Do I have anything to say?
The internet is full of lots of people who say lots of things about lots of different subjects, but what motivates them? I feel as though people are motivated only by a desire to be heard. It’s selfish, not benevolent or idealistic. The proliferation of opinions serves not to introduce new ideas to the world, but to create a signature voice — one more authorial identity forged by text. I’d like to think I’m different, that I’m doing this for selfless reasons in the interest of the amelioration of the world at large but I’d be liar, and frankly no one would believe me; anyone who thought about it would realize that I was ultimately self interested like everyone else.
I suppose the key is to remove myself as much as possible from the work itself. The blog format allows a degree of anonymity; however, if I touch anything relatively controversial, I owe it to integrity to identify myself.
Okay, so I won’t touch anything controversial…that often.
It’s about the glory, and I’m through pretending that it’s anything else, I want to be read, and as a byproduct, I want my work to matter to someone. It’s the desire to be read, loved, talked about and paid that gets me going but none of that can happen unless I create something that people care about. The work has to benefit something much bigger. I’ll only find self-value in that.
But this is the attitude of every single one of millions who set out to do precisely the same thing. It’s very difficult to deal with the fact that this format, though fresh, hip and undeniably the easiest way to get yourself out there, is the most bastardized form of writing next to texting, tweets and status updates. Everybody’s doing it, so how do you stand above the rest? How can I deal with creating another garbage bag full of letters and punctuation to toss into the landfill of the internet?
What can a writer hope for? No one can publish a book or a long-form expose every day. Despite this, our society forgets us if we fail to publish regularly. It seems the best thing that can happen to a writer is to write an article that gets people talking and gets passed around for a few days like a kitten meme. The ravenous hunger of public consciousness must be fed every couple of minutes. The courses of its meals happen in cycles — at best, a few weeks at a time (sex scandal), or in multiple installments, divided by lengthy hiatuses (controversial/historic legislation). How is a person of letters to keep up?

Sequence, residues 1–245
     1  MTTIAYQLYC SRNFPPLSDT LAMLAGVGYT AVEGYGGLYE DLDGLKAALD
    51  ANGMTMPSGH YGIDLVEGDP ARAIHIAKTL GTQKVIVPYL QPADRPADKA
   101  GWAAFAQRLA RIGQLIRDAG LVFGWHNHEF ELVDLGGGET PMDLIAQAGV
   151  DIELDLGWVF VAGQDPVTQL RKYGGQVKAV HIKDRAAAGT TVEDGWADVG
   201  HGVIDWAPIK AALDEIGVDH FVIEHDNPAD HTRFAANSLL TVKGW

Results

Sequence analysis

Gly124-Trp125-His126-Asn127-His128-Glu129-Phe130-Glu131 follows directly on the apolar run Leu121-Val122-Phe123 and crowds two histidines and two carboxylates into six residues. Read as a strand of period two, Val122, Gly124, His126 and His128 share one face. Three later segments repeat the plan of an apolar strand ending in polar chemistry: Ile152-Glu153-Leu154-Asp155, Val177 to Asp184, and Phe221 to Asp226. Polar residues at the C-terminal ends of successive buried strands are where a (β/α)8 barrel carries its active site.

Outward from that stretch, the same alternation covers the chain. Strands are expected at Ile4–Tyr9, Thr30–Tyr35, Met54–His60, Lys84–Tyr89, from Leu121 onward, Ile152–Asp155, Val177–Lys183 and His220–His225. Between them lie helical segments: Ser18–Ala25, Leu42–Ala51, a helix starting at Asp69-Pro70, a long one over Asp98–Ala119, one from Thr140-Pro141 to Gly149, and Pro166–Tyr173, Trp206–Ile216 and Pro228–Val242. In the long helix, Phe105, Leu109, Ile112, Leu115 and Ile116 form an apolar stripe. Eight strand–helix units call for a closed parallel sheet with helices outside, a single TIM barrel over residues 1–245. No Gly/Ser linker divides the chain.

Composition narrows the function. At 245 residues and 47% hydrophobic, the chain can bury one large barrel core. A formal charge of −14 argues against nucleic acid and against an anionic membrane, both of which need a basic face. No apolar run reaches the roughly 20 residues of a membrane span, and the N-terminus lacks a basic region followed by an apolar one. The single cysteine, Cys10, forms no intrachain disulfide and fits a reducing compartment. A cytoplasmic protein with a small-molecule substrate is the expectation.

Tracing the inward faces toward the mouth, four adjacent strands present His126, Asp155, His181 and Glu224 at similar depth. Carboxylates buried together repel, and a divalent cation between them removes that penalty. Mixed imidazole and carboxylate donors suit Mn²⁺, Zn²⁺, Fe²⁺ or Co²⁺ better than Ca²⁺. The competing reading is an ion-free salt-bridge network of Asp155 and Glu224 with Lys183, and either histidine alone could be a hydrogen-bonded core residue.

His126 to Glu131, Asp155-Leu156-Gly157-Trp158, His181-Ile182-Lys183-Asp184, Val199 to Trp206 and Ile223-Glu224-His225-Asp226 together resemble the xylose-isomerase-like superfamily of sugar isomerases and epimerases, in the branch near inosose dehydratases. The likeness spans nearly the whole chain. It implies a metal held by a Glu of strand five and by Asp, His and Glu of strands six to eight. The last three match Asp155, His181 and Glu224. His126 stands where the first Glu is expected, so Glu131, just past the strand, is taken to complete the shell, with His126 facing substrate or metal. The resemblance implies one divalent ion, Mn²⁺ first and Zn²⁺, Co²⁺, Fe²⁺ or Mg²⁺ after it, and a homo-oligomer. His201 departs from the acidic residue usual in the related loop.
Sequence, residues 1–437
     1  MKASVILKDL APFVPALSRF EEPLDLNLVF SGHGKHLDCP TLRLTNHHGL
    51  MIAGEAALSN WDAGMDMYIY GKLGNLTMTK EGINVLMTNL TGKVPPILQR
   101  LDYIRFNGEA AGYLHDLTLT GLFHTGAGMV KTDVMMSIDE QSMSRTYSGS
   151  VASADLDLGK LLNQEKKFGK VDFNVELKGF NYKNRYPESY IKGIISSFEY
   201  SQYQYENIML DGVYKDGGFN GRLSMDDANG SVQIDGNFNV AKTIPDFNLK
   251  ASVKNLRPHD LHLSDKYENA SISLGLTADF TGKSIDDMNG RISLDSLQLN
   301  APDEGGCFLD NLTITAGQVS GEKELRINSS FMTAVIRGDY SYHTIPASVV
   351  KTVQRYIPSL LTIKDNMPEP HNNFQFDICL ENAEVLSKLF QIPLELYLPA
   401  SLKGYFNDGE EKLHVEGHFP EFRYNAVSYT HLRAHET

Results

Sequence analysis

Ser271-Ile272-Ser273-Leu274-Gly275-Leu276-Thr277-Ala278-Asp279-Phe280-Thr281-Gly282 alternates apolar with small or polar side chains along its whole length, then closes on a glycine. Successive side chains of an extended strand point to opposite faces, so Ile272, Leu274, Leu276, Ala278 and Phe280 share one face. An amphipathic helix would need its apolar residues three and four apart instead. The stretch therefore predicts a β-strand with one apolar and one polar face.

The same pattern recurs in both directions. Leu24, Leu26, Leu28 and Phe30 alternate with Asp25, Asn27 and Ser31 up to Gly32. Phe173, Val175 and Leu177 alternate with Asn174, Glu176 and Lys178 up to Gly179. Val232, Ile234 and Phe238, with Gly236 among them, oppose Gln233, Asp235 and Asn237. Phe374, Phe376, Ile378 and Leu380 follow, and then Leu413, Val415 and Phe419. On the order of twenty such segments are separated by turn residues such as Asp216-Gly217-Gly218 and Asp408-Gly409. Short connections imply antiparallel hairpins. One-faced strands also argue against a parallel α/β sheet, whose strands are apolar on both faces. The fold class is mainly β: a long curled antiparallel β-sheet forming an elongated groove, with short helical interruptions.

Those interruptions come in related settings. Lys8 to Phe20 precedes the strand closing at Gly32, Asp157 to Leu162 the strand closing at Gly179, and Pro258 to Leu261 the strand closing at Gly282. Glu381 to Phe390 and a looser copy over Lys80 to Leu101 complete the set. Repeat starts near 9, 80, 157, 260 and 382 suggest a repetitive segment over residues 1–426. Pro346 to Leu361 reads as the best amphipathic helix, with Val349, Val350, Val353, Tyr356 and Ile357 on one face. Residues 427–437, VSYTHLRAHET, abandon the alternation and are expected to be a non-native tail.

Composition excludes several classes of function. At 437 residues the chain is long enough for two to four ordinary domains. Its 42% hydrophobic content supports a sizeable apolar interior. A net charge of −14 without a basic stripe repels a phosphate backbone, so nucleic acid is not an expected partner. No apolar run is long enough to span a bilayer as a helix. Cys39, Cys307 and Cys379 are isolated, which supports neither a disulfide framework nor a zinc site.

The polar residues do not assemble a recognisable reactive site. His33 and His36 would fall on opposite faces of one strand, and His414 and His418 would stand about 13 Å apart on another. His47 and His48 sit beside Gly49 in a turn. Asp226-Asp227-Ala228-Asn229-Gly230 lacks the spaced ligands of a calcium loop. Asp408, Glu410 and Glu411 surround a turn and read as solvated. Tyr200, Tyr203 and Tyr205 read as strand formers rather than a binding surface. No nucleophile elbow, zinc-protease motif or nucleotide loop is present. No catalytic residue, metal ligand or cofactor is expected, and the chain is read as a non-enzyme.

F. told me something that stuck in defense of Twitter, an institution much derided by many writers I admire, not the least Jonathan Franzen. It is necessary in her professional world to glean relevant information from a multitude of sources, a daunting task considering that new information is hurled at us constantly from every direction. Using Twitter, she can filter the information from the sources of her choosing simply by controlling who and what she follows. This provides her with a stream of links and headlines all of which originate from sources that are relevant to her. Indeed, some (or most) of us click feverishly on the follow buttons of our favorite performers and athletes, but for an educated reader, a list of quality sources can serve a much more useful purpose of building expertise in the subject of her own stratosphere. Sorry, Lebron.
This phenomenon can work in reverse. As one of the educated reader’s personalized links, Selective Appeal will only be read by those interested in reading it. Complete strangers will never find it in the bottomless sea of blogs and articles. In a sense, this allows me to select my readers, not one by one, of course, but by the magical chain of exchange that virtual word-of-mouth provides.
This is the pattern of the world: first a friend, then a friend of a friend and so on.
Inevitably, SA, will fall on uninterested eyes and that branch of the chain will end. The beauty is that it will only branch out where interest exists. No one has time to read 700 boring words.
Forgive me, dear reader, the banality of this explanatory post. It is not my intention to patronize, but remember, I set out to write with pursuit of glory in mind and as a byproduct, I realized the real value of what I was doing. Suffice it to say that I’ve given myself reason enough to press on.
But, quickly, an appeal to you:
I want a forum, not a soapbox.
Give me something to go on, because if you don’t I’ll just publish stupid reviews of movies from the seventies and poetry about my girlfriend and Philadelphia sports. That’s not a threat, it’s a plea. I’m not interested in writing a diary.
Onward into the day, a new world in every footstep, a quotation in every breath, history with every thought.
Work in progress,
But can evolution leave the bluebirds alone?
The coffee in the pot has evaporated to acid. Time to take a break.